So, I would've been stuck in Memphis for one more day if my phone wasn't dead, if I hadn't decided to leave the restaurant at that time, and if the final boarding call hadn't been made (which was directed at someone else, mind you). I was lucky as hell, all things considered. But, if I had thrown in a prayer at any point during the day, would there be any reason to believe that God, with his infinite love for me and all, answered my prayer and helped me not miss my flight?
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#6LinkFanaticPosted 5/27/2011 7:22:40 PM(edited)
kozlo100 posted...

However, it would be silly to assume that miracles must only be impossible things. A possible thing at the right time can be just as miraculous.

But if we take that route, isn't it sort of meaningless? Yes, one of the dictionary definitions of a miracle is simply "a wonder", but when we're dealing with situations where the supernatural, in this case a god, is being invoked as the sole cause of a purported phenomenon, the only reasonable definition of the word is one that evokes the supernatural/god.
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#7the_hedonistPosted 5/28/2011 12:46:16 AM
LinkFanatic posted...
But if we take that route, isn't it sort of meaningless? Yes, one of the dictionary definitions of a miracle is simply "a wonder", but when we're dealing with situations where the supernatural, in this case a god, is being invoked as the sole cause of a purported phenomenon, the only reasonable definition of the word is one that evokes the supernatural/god.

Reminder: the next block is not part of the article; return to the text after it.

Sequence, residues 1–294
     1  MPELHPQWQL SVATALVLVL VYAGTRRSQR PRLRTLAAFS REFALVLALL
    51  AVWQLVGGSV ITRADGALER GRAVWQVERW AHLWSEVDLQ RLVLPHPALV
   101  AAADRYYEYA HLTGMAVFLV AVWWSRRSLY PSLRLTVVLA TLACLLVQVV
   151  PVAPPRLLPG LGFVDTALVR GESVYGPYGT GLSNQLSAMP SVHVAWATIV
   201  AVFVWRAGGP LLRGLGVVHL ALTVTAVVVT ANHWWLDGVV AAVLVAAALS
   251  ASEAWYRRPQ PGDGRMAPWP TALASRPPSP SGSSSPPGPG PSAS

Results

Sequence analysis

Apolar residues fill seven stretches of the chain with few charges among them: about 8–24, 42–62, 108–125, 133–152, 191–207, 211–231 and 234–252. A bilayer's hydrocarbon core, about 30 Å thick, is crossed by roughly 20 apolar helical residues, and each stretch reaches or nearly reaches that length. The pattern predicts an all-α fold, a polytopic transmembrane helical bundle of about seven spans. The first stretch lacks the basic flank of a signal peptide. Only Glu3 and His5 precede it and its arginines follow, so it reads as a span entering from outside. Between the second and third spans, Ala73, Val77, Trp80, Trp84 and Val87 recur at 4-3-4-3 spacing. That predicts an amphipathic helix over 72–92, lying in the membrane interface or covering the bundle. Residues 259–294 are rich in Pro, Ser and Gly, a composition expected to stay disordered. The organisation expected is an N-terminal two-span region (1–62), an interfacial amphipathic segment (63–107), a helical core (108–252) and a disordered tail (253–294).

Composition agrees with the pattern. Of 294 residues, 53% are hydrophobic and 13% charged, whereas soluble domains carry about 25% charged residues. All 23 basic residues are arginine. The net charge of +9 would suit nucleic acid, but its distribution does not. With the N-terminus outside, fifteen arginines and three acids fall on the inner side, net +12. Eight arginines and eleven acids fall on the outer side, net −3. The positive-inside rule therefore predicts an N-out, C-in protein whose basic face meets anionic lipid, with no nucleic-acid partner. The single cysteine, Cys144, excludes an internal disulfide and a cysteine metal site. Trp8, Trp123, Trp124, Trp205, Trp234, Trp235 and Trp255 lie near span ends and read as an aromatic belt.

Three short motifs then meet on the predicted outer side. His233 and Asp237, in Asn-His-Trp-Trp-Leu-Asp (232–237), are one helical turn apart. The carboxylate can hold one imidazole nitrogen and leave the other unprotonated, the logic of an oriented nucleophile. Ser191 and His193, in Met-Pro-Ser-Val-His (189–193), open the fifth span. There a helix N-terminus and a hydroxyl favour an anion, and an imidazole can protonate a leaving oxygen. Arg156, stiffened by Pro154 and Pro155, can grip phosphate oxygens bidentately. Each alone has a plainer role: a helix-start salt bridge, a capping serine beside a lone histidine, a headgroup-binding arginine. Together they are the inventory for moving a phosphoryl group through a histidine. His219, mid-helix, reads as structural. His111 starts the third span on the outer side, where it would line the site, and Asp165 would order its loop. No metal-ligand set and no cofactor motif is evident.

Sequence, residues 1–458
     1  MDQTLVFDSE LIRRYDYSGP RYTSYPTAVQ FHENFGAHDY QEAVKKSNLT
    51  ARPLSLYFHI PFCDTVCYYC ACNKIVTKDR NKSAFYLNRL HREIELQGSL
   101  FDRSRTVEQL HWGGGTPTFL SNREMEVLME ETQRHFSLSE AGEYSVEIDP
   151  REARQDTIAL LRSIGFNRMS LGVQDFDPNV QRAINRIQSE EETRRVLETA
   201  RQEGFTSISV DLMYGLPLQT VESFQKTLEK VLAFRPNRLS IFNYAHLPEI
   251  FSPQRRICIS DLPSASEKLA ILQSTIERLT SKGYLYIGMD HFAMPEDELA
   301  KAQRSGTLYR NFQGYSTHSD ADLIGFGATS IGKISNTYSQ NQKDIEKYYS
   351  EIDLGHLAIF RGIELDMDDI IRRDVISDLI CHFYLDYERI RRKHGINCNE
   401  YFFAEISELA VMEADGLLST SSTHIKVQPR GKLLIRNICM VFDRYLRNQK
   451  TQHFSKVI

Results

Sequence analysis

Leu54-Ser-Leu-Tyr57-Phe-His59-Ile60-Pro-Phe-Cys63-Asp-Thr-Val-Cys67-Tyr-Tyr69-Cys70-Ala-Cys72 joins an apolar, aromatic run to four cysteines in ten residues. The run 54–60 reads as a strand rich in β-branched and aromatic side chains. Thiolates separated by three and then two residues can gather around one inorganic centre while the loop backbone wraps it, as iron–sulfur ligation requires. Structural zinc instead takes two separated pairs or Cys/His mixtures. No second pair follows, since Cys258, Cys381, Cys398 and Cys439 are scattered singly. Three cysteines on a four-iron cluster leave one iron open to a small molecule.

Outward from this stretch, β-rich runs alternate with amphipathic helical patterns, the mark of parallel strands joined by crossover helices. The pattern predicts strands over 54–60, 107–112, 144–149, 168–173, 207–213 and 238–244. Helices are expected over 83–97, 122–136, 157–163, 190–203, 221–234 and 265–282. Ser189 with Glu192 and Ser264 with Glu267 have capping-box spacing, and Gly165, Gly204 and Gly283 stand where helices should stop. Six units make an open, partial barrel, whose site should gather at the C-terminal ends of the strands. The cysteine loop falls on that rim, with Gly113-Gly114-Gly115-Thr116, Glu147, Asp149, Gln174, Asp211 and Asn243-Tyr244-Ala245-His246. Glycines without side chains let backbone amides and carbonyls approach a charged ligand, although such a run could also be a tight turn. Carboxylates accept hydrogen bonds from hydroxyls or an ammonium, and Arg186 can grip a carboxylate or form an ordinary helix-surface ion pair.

Well, what is our definition of a miracle? To me, a miracle is simply a divine intervention. So God can intervene in the natural world in a way that seems completely mundane and not out of the ordinary, but I would still consider it a miracle. It would just be more difficult to identify God as the originator of the action compared to a miracle that is actually "impossible."
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#8GuideToTheDarkPosted 5/28/2011 12:55:17 AM
It would be difficult to identify anything mundane as a miracle, let alone attribute it to the deity of your choice.
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#9LinkFanaticPosted 5/28/2011 2:28:36 AM
the_hedonist posted...
It would just be more difficult to identify God as the originator of the action compared to a miracle that is actually "impossible."

You're just proving my point. If something can be readily explained through mundane postulations, where does your god come in?

an effect or extraordinary event in the physical world that surpasses all known human or natural powers and is ascribed to a supernatural cause.

^ From dictionary.com. That is the definition i am using, as I feel it is the only pragmatic one when dealing with incidents chalked up to a deific figure. For example, if a specific phenomenon has no apparent natural cause, while I wouldn't necessarily agree on it being a miracle, there is certainly room for debate amongst proponents of said miracle, as well as the inverse.

On the other hand, going by your definition, the word loses all sense of purpose, and is essentially stripped of its potential meaning, leaving no room for debate, or, in the case of empiricism, scientific testing.
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#10OnceInALifeTimePosted 5/28/2011 7:22:54 AM
It's even worse when people do incredible things of their own accord and then thank god for making them able to do it. It's alright to take credit for things you have done yourself.